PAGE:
Accessing Lakka command line interface

Accessing Lakka command line interface is useful if you want to debug the system, or if you need to edit the configuration file manually. It is for advanced users only. For begginners, using the graphical interface should be enough.

There are 3 ways to access the command line interface:

  • SSH
  • Direct access with a keyboard
  • Serial

SSH

The easiest way to configure Lakka is to connect it via SSH. SSH is a service running on your Lakka box, it lets you run commands on your box, such as editing configuration files.

To access your Lakka box through SSH, you need to connect your Lakka device to the network.

Then, you have to enable SSH in Settings->Services.

You will need an SSH client to connect to your box. You will also need to know the IP address of your Lakka box.

On Linux or Mac OS X

If you’re using Linux or Mac OS X, there is already an SSH client on your system. Just open a terminal, and type this command:

ssh [email protected]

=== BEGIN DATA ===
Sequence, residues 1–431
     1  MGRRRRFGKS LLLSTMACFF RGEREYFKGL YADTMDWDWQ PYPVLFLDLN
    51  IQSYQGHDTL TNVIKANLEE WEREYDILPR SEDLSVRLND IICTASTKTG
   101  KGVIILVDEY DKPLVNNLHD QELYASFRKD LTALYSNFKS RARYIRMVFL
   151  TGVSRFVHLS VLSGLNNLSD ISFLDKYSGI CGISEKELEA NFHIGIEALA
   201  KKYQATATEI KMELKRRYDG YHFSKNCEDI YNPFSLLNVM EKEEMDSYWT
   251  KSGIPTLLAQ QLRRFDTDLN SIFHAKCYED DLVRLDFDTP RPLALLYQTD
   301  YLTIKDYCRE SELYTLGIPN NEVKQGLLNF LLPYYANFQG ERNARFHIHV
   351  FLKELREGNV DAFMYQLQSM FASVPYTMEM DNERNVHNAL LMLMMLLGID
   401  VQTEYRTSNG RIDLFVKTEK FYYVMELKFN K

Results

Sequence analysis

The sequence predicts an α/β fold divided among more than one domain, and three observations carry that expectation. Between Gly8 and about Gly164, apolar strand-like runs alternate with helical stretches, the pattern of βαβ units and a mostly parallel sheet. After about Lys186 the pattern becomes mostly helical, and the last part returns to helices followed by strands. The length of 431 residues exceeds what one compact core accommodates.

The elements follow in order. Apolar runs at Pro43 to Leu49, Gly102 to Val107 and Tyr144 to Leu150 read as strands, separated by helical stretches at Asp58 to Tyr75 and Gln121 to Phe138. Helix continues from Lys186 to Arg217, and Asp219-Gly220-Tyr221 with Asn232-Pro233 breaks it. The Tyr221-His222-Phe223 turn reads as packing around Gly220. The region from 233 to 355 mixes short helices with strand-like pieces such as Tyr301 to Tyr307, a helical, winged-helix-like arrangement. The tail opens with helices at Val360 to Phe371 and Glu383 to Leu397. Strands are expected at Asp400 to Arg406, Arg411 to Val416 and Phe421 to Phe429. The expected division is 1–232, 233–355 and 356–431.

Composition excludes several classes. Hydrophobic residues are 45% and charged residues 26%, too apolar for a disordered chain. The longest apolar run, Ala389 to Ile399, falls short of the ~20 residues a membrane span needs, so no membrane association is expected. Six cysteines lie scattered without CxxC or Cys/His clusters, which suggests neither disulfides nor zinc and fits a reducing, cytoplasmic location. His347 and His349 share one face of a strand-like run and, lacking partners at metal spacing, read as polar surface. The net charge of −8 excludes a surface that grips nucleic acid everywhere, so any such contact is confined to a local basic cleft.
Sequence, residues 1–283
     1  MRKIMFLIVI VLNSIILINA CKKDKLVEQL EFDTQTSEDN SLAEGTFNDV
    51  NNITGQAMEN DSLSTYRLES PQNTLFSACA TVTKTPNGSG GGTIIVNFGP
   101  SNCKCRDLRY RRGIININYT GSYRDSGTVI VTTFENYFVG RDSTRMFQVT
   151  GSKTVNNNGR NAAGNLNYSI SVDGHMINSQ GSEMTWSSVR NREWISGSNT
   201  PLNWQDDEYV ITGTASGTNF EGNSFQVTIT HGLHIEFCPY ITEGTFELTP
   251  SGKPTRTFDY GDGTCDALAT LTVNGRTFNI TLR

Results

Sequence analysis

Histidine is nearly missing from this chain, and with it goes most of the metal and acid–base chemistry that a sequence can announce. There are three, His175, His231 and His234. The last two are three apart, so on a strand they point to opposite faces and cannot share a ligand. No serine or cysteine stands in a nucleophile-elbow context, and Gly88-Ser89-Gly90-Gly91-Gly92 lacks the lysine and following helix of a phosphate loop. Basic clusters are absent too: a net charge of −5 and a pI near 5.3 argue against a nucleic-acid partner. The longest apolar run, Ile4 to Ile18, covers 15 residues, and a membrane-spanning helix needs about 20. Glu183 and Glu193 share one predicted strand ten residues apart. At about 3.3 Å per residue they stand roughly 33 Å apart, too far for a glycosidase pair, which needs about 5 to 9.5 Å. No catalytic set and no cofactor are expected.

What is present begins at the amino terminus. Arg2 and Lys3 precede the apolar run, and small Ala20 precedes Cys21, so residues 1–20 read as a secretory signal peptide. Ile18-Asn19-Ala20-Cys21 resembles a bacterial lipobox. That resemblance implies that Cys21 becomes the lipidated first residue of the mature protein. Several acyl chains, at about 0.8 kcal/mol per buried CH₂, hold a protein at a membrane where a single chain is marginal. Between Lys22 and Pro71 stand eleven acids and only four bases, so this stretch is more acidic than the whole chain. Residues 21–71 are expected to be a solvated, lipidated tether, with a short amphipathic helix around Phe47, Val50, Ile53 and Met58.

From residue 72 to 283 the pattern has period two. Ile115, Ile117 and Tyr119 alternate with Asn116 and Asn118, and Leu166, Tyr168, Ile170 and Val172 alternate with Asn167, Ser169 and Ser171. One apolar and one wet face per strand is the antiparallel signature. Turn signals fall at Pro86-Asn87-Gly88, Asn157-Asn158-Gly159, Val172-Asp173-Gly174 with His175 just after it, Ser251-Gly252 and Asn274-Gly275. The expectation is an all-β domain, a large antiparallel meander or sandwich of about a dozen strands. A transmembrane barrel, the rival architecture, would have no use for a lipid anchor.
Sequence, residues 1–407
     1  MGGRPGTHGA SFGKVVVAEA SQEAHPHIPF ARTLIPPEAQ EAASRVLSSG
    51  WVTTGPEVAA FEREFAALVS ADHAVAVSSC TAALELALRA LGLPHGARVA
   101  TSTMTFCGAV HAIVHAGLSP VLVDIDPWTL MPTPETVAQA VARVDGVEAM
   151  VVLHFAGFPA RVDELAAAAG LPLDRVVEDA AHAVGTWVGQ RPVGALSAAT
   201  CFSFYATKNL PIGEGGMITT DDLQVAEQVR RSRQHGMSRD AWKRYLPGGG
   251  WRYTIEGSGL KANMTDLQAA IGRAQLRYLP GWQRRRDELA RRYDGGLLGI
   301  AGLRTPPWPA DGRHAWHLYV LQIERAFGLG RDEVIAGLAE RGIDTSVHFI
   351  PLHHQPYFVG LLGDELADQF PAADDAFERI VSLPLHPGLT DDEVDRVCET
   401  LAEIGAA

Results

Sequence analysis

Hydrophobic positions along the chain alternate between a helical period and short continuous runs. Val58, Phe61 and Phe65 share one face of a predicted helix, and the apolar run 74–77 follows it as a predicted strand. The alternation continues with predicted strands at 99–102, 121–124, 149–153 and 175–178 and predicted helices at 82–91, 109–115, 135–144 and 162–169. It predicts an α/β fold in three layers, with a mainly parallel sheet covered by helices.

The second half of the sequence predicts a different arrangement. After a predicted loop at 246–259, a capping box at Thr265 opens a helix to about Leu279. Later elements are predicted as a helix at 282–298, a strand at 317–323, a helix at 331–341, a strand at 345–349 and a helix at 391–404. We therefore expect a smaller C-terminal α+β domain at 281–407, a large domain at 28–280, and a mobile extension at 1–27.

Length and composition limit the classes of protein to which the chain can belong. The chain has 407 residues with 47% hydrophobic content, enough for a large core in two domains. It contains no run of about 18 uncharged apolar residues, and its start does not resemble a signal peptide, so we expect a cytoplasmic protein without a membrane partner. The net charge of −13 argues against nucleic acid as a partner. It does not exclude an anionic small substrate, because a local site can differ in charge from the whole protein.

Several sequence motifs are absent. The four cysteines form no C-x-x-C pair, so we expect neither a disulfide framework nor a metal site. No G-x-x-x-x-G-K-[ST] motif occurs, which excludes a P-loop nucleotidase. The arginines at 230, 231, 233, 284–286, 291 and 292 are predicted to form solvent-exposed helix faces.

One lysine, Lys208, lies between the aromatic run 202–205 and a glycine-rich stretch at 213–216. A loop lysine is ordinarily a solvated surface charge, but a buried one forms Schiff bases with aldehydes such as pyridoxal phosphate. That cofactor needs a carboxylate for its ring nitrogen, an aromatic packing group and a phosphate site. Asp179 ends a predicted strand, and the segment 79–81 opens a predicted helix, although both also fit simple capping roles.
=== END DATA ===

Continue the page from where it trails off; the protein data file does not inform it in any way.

SSH will then ask for your password, the default password is root.

On Windows

On Windows, you will need an SSH client like Putty

Use putty to connect your Lakka box, enter the IP of your box in the hostname field, set SSH connection type. The username is root and the password is also root.

Direct access

You will need to edit the cmdline passed to the kernel by the bootloader, in order to enable the tty service and disable the retroarch service. You will also need to plug an USB keyboard to switch to tty3 and type commands.

Editing the cmdline

You have to ensure that these options are present in the cmdline:

tty retroarch=0
  • tty will enable the console service
  • retroarch=0 will disable the retroarch service

Switching to tty3

Once the system is booting, you will not see RetroArch launching. It’s normal, since we disabled retroarch service. You then need to switch to tty3 by hitting CTRL + ALT + F3. You will get a command prompt and be able to type commands.

Serial

On the development boards, using an USB to TTL cable can give you access to the serial console. The advantage of using this interface is that you can get the logs of the bootloader and the early kernel logs. It is useful if you plan to port Lakka to a new hardware.

TODO